Monday, October 17, 2016

Whisky Review: Old Pulteney 12 years Single Malt Scotch Whisky

"Where is he?" Keith fumed.

We were sitting on the front porch of mon maison.  Fishing rods with shiny brass reels, grandad's creel, a dented bottle-green metal tackle box, and other implements of marine life destruction were propped up against the railing.  I slouched further in my Adirondack chair that my wife had declared, at breakfast, must be painted before winter.  I easily peeled away some of the yellow paint with my fingernail and pondered if that chore could be done before it got too cold, given it was now October.

I snapped out of my handyman trance due to the chirping metal sounds of the Tin Snail braking as it turned onto my street.  The '72 Citroën DS Break was one pale, sea green, junk fish of a vehicle that had headlights reminiscent of a shark's snout and eyes.

We piled into the station wagon.  I took the front seat, figuring Keith would not be be super talkative given Roger's tardiness by about 45 minutes.  Whatever, I didn't care.  I knew Roger and so did Keith.  Roger didn't make it on time for anything, unless you were his date, half his age, straw blonde, and eligible to tryout for the US Women's Olympic Volleyball team.  But, he was a Gauloises billowing, easy-going Brit Francophile who was willing to haul us out to a remote fishing spot, expend probably a small fortune in gas, and then cheerfully pick us up at the end of the day, cook up whatever we caught and pair it with a Muscadet, Pouilly-Fumé or other bouteille de vin out of his cellar.  I, of course, would handle the whisky pairing with dinner, and also a pairing with our pastime of casting our lures in hope of hooking some din-din.

You want a whisky that compliments the great hobby of angling, but doesn't become a distraction because it is amazingly complex or gag-reflex terrible.  The chosen whisky has to be pleasant, able to keep us company, but not too chatty like the software salesman seated next to you on a long flight, or the know-it-all retiree you get paired with on a golf course.  Had to be cheap too!  All these pressing considerations caused me to select Old Pulteney 12 years Single Malt Scotch.  It has a marine and fishy quality without being very complex or expensive that seemed well suited for our chosen leisure activity.

Widely available.

Pretty much one of the cheapest 12 year old single malts available.  Frequently discounted by retailers.

700ml bottle, so 50ml less than the typical Scotch bottle.  I can overlook this because of the low price.

40% is the bottle I have, but other countries sometimes get 43%.

Cork stopper.

Chill Filtered?

Artificial Coloring (E150A)

Nose (undiluted)
Briny Maritime notes, restrained sweetness, rainfall, damp evening lakeside air, soft wood smoke, smooth peat.

Palate (undiluted)
Salty taste of the foaming sea, lemon rind, rosewood, a hint of Ocean Spray Cranberry Cocktail, faint oak.

Finish (undiluted)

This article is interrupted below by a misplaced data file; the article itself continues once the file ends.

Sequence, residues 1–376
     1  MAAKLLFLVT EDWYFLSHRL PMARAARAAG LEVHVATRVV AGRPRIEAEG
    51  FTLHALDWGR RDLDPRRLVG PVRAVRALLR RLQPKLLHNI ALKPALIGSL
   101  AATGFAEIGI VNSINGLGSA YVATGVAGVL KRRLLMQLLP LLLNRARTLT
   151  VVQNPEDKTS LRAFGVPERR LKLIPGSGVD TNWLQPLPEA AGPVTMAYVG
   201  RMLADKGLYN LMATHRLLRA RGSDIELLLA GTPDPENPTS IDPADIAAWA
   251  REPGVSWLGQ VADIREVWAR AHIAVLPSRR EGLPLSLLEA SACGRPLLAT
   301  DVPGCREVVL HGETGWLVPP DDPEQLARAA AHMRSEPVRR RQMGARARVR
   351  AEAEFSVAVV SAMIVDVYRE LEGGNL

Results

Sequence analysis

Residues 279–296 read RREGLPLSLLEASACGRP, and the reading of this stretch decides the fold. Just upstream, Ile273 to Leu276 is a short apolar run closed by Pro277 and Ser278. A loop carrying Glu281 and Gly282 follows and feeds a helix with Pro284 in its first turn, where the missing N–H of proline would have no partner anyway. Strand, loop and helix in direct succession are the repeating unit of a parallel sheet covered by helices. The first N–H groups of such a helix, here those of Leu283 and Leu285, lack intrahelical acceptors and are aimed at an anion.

Short but interesting.   Notes of bacon, mackerel, kippers but rhubarb too, ginger and lemon again.

General Impressions
Everything I have read about Old Pulteney claims that it is aged exclusively in ex-bourbon casks.  I am surprised because I really think I taste some aging in sherry wood.  I really do.  A little sherry, dark and sweet red fruits.  Hmmm.  Evidently I am mistaken.

. . .

Old Pulteney fit the bill as a pleasing economy sipper to accompany Keith and I while we stood quietly on the stony shore, facing the dark blue lake, hoping to land our dîner before the Gallic Shark returned to collect us in his rusty Tin Snail!


Jason Debly

Photo Credit: Citroen photos by Jason Torchinsky who is the holder of copyright and all moral rights.  His great review of his passion for Citroens available here.  All the other photos are mine and feel free to use them for non-commercial purposes.


  1. Hope you caught your dinner! :). Cheers

  2. If the ex-bourbon casks contained a high rye content bourbon, could that give the sherry impression you perceive? My palate isn't quite as acute, but that's what came to mind..

    1. Great observation! I never thought of that. There is definitely a sherry-like note to the flavor profile.

  3. Afraid I'm asking for help here because I don't know nearly as much as your regular readers! I'm starting to look for a Christmas present for a special someone, and trying to figure out a unique enough Scotch to bring back from him (as I'm spending a semester in England, with Scotland beckoning from up north). He's a fan of Aberlour, Macallan, and Glenlivet...but I know those are just the names I recognize enough to remember! Do you have any suggestions for me? I'm not terribly concerned about I said, he's special.

    1. If price is no object, Balvenie Portwood 21 years is an excellent choice which I am sure that special someone would love.

      A more affordable alternative would be Glenfarclas 17 years or Glenmorangie 12 Quinta Ruban.

      If you need more suggestions, just drop me a line.

  4. Is that it for reviews? I was really enjoying them

    1. I will try to post something new. I just have been busy and I also do Youtube reviews that is time consuming also:

      Keith was over last night yapping about a new app his employer wants him to work on. We were sipping some malts and then Keith showed up with some Tomatin 14 and then all hell broke loose!

      I will report shortly!